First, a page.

With the release of a new biopic about Bob Marley, we remember his creative exodus in Chelsea

When did Bob Marley come to Chelsea?
Bob Marley fled Jamaica for London as a political refugee, after an assassination attempt in his own home. In 1977 he moved to Chelsea, where he lived with the Wailers in a four storey house at 42 Oakley Street – now commemorated with a blue plaque. While living in Chelsea, Marley was arrested for possession of cannabis and gave a fake address to the police – a fact which caused confusion for biographers and meant that it took longer to secure a blue plaque at Oakley Street.

Why was Chelsea so important to Marley’s career?
During his time in Chelsea, Bob Marley seems to have experienced a period of intense creativity and productivity. During his five months at Oakley Street he not only recorded the classic album Exodus – which included hits like Jamming, One Love and Three Little Birds – but he also wrote many songs for his next album, Kaya.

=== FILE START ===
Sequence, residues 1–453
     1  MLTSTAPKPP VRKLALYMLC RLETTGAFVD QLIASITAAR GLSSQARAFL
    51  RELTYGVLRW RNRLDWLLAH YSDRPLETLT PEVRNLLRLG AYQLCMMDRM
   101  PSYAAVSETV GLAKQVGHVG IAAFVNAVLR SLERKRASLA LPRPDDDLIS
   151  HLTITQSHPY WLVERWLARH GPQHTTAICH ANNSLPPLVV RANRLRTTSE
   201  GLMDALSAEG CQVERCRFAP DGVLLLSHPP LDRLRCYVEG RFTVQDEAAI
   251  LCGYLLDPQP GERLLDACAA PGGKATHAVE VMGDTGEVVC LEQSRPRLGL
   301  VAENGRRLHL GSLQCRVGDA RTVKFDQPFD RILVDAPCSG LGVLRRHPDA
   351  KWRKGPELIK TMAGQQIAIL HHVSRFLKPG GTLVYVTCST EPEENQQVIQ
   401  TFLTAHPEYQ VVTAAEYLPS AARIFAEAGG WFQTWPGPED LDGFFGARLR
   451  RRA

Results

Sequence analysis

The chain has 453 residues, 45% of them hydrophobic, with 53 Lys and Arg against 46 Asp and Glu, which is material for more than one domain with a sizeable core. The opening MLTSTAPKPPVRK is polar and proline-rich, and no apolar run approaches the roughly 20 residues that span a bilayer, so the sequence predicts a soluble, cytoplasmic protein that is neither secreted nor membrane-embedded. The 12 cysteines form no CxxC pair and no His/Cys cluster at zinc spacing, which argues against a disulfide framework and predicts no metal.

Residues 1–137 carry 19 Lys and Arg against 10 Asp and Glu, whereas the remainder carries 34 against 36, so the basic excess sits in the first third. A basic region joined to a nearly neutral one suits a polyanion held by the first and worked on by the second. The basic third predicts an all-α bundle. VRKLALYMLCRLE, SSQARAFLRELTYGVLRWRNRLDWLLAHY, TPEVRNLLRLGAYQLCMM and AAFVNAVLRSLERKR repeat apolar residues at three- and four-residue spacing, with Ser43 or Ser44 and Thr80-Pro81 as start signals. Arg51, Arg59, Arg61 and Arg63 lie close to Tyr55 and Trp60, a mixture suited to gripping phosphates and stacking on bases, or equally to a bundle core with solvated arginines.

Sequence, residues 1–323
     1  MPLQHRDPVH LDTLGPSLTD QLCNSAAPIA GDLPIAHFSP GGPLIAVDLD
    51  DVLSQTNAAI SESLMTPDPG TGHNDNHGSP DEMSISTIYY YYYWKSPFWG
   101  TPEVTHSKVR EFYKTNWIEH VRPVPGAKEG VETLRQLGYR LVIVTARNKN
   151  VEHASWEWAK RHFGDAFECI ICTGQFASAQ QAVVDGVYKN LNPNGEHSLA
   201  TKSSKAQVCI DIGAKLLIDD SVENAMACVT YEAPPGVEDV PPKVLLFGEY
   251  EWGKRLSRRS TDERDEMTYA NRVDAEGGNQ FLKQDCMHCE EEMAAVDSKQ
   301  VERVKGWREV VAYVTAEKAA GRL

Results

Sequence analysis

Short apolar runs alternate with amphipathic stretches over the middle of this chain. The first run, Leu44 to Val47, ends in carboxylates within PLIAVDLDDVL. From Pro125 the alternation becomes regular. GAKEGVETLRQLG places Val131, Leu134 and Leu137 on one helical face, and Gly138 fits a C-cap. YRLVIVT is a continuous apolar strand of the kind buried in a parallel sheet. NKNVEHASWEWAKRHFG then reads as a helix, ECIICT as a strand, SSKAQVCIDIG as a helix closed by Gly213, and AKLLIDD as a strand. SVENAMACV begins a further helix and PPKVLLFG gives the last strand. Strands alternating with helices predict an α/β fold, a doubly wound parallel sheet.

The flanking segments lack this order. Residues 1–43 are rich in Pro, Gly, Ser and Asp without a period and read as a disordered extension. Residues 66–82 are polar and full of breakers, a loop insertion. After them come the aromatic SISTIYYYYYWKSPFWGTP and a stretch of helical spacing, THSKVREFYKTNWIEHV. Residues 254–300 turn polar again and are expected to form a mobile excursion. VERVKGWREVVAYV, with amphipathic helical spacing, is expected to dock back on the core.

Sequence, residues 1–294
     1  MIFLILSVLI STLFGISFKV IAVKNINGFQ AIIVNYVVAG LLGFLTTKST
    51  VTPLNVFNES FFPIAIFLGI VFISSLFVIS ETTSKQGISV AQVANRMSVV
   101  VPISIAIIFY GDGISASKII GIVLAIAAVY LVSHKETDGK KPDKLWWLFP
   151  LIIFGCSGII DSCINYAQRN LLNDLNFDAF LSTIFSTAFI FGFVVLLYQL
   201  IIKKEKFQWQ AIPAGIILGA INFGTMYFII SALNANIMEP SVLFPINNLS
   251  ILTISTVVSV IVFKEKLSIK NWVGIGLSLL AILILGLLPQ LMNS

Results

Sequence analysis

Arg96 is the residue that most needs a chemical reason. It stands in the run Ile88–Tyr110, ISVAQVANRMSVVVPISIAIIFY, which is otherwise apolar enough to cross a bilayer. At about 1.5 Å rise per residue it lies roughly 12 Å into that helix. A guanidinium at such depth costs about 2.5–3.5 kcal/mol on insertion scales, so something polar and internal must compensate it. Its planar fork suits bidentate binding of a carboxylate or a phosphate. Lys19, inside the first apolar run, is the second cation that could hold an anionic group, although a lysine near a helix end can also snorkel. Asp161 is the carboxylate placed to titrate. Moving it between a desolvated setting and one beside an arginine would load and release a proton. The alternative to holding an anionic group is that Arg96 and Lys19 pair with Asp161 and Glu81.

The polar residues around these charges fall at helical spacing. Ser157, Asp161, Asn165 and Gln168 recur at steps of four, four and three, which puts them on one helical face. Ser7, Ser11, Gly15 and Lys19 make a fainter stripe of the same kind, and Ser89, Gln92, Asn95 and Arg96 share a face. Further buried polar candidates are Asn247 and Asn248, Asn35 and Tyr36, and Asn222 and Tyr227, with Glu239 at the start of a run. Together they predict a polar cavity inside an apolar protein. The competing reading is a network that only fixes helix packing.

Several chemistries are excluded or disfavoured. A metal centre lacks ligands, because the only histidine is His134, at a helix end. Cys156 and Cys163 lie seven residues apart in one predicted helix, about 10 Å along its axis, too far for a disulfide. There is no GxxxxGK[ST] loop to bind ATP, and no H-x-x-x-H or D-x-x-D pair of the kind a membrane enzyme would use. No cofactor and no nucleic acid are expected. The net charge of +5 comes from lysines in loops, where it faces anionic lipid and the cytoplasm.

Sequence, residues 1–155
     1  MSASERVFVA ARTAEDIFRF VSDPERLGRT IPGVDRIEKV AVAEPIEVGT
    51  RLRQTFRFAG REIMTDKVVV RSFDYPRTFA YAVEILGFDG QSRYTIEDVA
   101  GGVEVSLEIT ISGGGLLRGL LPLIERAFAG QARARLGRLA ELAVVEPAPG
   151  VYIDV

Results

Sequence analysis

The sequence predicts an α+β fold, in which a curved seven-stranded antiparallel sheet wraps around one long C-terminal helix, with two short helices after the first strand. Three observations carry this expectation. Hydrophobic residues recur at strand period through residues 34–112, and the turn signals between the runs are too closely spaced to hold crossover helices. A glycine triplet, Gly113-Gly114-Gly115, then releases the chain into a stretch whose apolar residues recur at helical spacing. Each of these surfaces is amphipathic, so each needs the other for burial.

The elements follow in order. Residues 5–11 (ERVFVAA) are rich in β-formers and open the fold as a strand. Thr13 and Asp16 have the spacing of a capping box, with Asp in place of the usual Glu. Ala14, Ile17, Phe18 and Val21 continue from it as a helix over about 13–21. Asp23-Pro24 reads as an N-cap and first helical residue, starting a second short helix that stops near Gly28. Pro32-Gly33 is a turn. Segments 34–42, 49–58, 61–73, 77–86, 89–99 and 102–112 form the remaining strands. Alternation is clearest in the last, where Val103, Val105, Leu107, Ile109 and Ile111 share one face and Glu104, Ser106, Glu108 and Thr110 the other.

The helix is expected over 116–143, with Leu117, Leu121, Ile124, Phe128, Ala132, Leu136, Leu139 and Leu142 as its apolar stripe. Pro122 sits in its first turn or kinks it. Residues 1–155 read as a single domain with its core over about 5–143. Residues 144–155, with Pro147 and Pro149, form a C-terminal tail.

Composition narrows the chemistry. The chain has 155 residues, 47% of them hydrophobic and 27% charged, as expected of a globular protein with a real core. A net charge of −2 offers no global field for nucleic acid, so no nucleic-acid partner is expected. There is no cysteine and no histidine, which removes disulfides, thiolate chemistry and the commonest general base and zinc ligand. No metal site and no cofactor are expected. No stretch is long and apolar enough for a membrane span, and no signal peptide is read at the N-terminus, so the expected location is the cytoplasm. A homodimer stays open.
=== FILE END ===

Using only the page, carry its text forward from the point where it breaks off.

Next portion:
… and his personal life?
It was while living in Chelsea that Marley’s affair with Cindy Breakspeare, a Canadian-Jamaican jazz singer who’d been crowned Miss World in 1976, gained momentum. Together the pair would have a son, Damian Marley. It was also while living at Oakley Street that Marley was diagnosed with cancer of his right toe. He refused an amputation, citing his religious beliefs and his love of football, and would die four years later when the cancer spread.

Why Oakley Street?
Bob Marley chose a central Chelsea location primarily because of its proximity to Battersea Park. A committed football fan, Bob rose late every morning and crossed Albert Bridge to play football with his friends, including Reggae star Eddy Grant. After a busy day on the field, they’d head for the studio to record Exodus into the early hours.

Another benefit of a Chelsea base was the area’s links to the punk scene. Marley was close friends with British punk rock band The Clash, and was interested in points of fusion between punk and reggae – as reflected in the final song on Exodus, Punky Reggae Party.

What impact did Exodus have?
Exodus received universal critical acclaim, and Jamming, Waiting in Vain and Three Little Birds were major international hits. In 1999, Time Magazine named Exodus as the best album of the 20th century.

Where should I listen to Exodus?
Put in your headphones take a stroll up the King’s Road towards Oakley Street, or take a walk to the Battersea Park football pitches to honour Marley’s love of the beautiful game.